Astrology, Patriarchy and PostmodernismCopyright © 1999 by Bill Sheeran. All Rights Reserved.
The post-modern sensibility reflects a radical shift in the collective psyche, or cognitive landscape. To my mind it highlights a symmetry breaking process in relation to the urges underlying patriarchally based thinking. Post-modern commentators are fond of writing articles with titles like "The Death of the Author", "The End of History", etc., which reflect this cathartic transformation. Given contemporary astrology's patriarchal roots, perhaps we are witnessing the Death of Astrology. But of course, this is a precursor phase in the process of rebirth. The onus is on astrologers to take on the difficult task of re-visioning its conceptual basis and to construct models which can flourish rather than wither in the emerging cognitive ground. This does not mean throwing out techniques, abandoning the experience of millennia, etc.. It's not the application that is the primary problem. It is the conceptual framework or theoretical/philosophical foundation on which the applied craft is based which needs to be addressed. The psychologically comforting and orderly "closure" promised in the past by Saturn in the form of Law and structured inevitability now has to bend to the opposing current of freedom, change and insecurity, as symbolised by the outer planets. Structure (being) is subordinated to process (becoming), a reversal of the previous norm, allowing an evolutionary potential into the system.
In a mythological sense, we are witnessing the resurrection of Tiamat. The cultural re-embracing of chaos and the unknowable currently underway presents an imperative to consciously re-negotiate the form our astrology takes within the new post-patriarchal framework. Unless this happens, astrology will make even less sense in the future than it does in the present.
 An accessible overview of various philosophical perspectives on science's claims to objectivity can be found in What is this thing called Science?, A.F.Chalmers, The Open University Press, Milton Keynes, England, 1978. For a classic critique of the supposed rational objectivity of science, see The Structure of Scientific Revolutions, Thomas S.Kuhn, University of Chicago Press, Chicago, 1970.
 In Metaphors We Live By, G.Lakoff, M.Johnson, University of Chicago Press, Chicago, 1980 forceful arguments are made promoting the idea that truth is always relative to a conceptual system defined by metaphors, which themselves are culturally determined. The concept of absolute and objective truth is considered as a western cultural myth.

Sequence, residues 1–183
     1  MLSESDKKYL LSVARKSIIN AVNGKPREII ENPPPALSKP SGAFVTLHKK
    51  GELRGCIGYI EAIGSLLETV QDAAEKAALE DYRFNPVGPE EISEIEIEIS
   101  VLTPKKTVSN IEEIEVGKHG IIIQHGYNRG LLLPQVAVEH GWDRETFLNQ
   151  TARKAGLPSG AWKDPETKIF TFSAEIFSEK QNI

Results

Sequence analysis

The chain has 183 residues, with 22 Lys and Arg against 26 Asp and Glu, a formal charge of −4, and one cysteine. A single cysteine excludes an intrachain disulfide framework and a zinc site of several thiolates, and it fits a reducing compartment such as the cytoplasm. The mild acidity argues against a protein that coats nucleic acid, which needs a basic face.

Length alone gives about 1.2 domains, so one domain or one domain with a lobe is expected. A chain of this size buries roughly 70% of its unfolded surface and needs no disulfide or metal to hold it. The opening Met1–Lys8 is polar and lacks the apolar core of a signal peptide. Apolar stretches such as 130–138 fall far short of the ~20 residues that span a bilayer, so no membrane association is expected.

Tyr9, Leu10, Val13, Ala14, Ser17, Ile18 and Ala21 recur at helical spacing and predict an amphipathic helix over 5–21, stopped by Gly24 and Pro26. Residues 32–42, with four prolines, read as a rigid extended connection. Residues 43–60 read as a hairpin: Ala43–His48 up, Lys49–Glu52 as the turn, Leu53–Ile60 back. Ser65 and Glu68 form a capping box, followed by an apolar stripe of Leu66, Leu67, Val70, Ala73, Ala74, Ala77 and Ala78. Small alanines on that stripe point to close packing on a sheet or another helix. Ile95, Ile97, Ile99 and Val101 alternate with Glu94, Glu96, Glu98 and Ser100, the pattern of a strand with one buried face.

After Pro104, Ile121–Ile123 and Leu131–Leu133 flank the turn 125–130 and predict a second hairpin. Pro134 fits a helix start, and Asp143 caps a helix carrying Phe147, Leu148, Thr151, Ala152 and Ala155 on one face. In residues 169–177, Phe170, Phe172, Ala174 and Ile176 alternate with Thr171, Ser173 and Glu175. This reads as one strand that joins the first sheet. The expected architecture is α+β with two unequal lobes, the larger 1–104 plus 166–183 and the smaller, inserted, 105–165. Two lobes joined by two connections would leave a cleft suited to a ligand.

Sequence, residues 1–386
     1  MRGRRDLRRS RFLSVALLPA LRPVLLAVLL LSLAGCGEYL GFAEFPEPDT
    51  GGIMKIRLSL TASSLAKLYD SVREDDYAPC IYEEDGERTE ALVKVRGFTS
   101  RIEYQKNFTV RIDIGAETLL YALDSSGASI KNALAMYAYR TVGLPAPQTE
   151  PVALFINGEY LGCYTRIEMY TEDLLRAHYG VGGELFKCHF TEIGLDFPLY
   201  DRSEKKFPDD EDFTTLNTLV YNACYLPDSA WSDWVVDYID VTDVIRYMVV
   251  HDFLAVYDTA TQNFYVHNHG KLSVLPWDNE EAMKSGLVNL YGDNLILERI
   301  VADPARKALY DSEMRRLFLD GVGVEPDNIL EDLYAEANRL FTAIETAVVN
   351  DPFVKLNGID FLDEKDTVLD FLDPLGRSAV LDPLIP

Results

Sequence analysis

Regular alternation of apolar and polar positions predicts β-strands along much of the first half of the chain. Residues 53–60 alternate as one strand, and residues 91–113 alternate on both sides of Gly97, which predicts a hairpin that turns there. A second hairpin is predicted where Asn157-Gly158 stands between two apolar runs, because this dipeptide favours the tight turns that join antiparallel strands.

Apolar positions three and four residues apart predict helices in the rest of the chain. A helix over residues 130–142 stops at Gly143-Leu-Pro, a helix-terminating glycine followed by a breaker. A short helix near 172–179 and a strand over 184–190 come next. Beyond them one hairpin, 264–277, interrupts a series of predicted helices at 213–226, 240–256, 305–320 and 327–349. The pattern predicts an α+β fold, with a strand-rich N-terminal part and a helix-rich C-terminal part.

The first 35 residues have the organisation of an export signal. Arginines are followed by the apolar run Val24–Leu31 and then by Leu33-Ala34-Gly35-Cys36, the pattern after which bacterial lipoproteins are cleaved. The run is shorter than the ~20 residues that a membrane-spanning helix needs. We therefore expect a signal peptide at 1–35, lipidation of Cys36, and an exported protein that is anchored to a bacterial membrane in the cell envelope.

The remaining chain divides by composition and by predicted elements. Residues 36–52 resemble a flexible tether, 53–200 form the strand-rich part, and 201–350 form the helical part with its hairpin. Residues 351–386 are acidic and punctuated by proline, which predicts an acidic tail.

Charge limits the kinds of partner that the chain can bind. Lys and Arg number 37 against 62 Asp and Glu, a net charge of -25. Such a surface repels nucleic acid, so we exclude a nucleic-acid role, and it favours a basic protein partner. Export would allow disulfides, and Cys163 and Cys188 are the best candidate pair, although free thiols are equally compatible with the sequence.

For a good and readable introduction to postmodernism, see The Icon Critical Dictionary of Postmodern Thought, edited by Stuart Sim, Icon Books, Cambridge, England, 1998.
 Chaos Gaia Eros, Ralph Abraham, Harper Collins, New York, 1994 chapter 13, pp 157-167 gives a chronology of the wheel.
 See The Chalice and the Blade, by Riane Eisler, Harper & Row, New York, 1987
 Astrology in the Renaissance: The Zodiac of Life, Eugenio Garin, Routledge and Kegan Paul, London 1983 presents arguments from the Renaissance period.
 For an informative and entertaining discussion of astrology and astrologers in Britain during the Victorian and Edwardian period, see A Confusion of Prophets, Patrick Curry, Collins & Brown, London, 1992
 A Confusion of Prophets, pp 109-121
 Time in History, G.J.Whitrow Oxford University Press, England, 1989, pp 41-42
 The Chalice and the Blade, by Riane Eisler, Harper & Row, New York, 1987
 The use of the telescope rapidly made clear that the solar system did not conform to the Platonic ideal of perfection.
 In the wake of the discovery of Newton's laws of motion, much effort was expended trying to mathematically prove that the solar system was stable, and therefore predictable. This proved to be impossible. See Newton's Clock: Chaos in the Solar System, Ivars Peterson, W.H.Freeman & Co. New York 1993, pp 143 -169
 Einstein's theories raise questions about privileged positions such as fixed centres.
 Hubble demonstrated that the universe was expanding
 The solar system exhibits chaotic dynamics over long time frames. See Newton's Clock: Chaos in the Solar System, chapter 11 pp247-270
 See In the Wake of Chaos: Unpredictable Order in Dynamical Systems, Stephen H.Kellern, University of Chicago Press, Chicago, 1994
 See The Icon Critical Dictionary of Postmodern Thought, ed. Stuart Sims
Copyright © 1999 by Bill Sheeran All Rights Reserved
This article was first published in The Mountain Astrologer, Issue no.84, April/May 1999